Roxanne Nelson

December 20, 2012

ATLANTA, Georgia — Lenalidomide (Revlimid), an immunomodulatory agent approved for use in multiple myeloma, has shown promise in the treatment of mantle cell lymphoma (MCL), one of the rarest non-Hodgkin's lymphomas.

In a very large phase 2 trial, lenalidomide showed "rapid and durable efficacy" in the treatment of MCL, and the safety profile "is what you'd expect," said lead author Andre Goy, MD, MS, chair, director, and chief of lymphoma at the John Theurer Cancer Center in Hackensack, New Jersey. He presented the results here at the American Society of Hematology 54th Annual Meeting.

"The study is a confirmation, but it also offers a platform for future studies of combination therapies," he explained.

The study participants were "very heavily pretreated and had a median of 4 previous therapies; this is a very difficult population of patients," Dr. Goy told Medscape Medical News.

MCL accounts for about 6% of all non-Hodgkin's lymphomas. Despite advances in treatment, most patients will relapse over time. In addition, patients who relapse often develop chemoresistance, and thus have a poor overall prognosis. "There is only one drug approved so far for mantle cell lymphoma — bortezomib (Velcade). In clinical trials, it showed a response rate of 33%," said Dr. Goy.

For MCL patients with relapsed or progressive disease who have progressed after or were refractory to bortezomib, lenalidomide might provide a new therapeutic option, he said.

Activity in Lymphoma

Lenalidomide has demonstrated tumoricidal and antiproliferative effects in MCL and clinical activity and safety in multiple phase 2 studies in aggressive non-Hodgkin's lymphoma. "Phase 2 trials have shown activity across the board in lymphomas with lenalidomide, but especially in mantle cell lymphoma," explained Dr. Goy.

He and his colleagues enrolled 134 patients who had previously been treated with rituximab (Rituxan), cyclophosphamide, and anthracycline, and had relapsed, progressed, or were refractory to bortezomib. In this multicenter single-group open-label study, lenalidomide monotherapy 25 mg/day was administered on days 1 to 21 of a 28-day cycle until disease progression, unacceptable toxicity, or voluntary withdrawal.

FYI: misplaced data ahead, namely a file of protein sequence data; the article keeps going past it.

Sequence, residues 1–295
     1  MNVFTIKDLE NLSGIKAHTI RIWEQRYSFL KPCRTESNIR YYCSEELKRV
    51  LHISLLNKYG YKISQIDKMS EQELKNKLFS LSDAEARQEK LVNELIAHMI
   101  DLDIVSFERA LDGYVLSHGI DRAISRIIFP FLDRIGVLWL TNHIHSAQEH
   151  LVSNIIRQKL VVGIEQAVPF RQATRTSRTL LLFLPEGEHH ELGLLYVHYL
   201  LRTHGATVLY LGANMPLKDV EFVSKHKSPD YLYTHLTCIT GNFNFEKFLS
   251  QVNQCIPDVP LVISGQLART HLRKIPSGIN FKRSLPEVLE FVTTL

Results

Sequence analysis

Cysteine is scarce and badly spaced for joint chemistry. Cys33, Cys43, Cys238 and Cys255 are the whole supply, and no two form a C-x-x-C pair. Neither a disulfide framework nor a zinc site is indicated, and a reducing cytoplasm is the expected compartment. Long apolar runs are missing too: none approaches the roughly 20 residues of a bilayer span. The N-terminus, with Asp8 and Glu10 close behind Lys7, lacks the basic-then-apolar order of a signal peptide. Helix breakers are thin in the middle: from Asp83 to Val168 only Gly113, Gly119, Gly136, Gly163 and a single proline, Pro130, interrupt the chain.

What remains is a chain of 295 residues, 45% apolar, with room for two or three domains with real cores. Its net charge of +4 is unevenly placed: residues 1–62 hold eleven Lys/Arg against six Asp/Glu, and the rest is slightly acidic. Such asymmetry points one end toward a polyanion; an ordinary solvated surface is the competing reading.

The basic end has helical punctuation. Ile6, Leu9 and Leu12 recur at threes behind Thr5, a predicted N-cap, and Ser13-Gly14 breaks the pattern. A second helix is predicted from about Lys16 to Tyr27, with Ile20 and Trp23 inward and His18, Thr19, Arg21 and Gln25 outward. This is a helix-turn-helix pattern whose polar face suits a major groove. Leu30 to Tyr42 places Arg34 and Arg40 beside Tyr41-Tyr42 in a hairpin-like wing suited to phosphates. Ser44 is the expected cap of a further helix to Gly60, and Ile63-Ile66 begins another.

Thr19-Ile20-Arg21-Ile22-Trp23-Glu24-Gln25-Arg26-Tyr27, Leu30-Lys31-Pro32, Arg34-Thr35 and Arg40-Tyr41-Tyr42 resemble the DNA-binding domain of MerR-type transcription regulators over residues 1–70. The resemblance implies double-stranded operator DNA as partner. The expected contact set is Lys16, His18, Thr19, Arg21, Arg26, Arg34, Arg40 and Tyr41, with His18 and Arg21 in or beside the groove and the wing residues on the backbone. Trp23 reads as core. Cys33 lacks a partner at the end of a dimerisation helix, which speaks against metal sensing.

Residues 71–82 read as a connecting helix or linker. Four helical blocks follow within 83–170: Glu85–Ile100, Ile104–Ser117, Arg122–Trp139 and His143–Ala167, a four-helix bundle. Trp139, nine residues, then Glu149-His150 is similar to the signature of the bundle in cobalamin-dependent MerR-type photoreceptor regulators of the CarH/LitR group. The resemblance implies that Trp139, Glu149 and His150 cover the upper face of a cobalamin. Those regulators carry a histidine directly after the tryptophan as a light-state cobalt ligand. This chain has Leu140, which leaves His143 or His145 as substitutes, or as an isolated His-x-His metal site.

All study participants were heavily pretreated; there was no limitation on the number of previous therapies. Median age was 67 years (range, 43 to 83), two thirds of the patients were 65 years or older, and 93% had advanced-stage (stage III to IV) disease.

The median number of previous therapies was 4 (range, 2 to 10); 78% had received at least 3 previous lines of treatment.

When determined by independent central review, the overall response rate was 28%, the complete response rate was 8%, and the median duration of response of 16.6 months.

When determined by investigator assessment, the overall response rate was 32%, the complete response rate was 16%, and the median duration of response was 18.5 months.

With central review, median time to response was 2.2 months, median time to complete response was 3.7 months, median progression-free survival was 4.0 months, and median overall survival was 19.0 months.

Remarkably, when we did a subset analysis, "we saw a response rate in the same range in every subset," said Dr. Goy.

More than a third of patients (38%) required a dose reduction, and treatment was discontinued in 19% of patients, primarily because of myelosuppression. The most common grade 3/4 adverse events were neutropenia (43%), thrombocytopenia (28%), anemia (11%), pneumonia (8%), and fatigue (7%).

Other adverse events of any grade included tumor flare reaction (10%), deep vein thrombosis (4%), pulmonary embolism (2%), and invasive second primary malignancies (2%).

This study was conducted in the relapsed setting in heavily pretreated patients, but it is feasible that lenalidomide could be used in the front-line setting. Because "many patients are diagnosed at late stage, it would be interesting to test noncytoxic options," said Dr. Goy.

Dr. Goy reports relationships with Pfizer, Seattle Genetics, J&J, Pharmacyclics, and Celgene. Several of his coauthors report relationships with industry, as noted in the abstract.

American Society of Hematology (ASH) 54th Annual Meeting: Abstract 905. Presented December 11, 2012.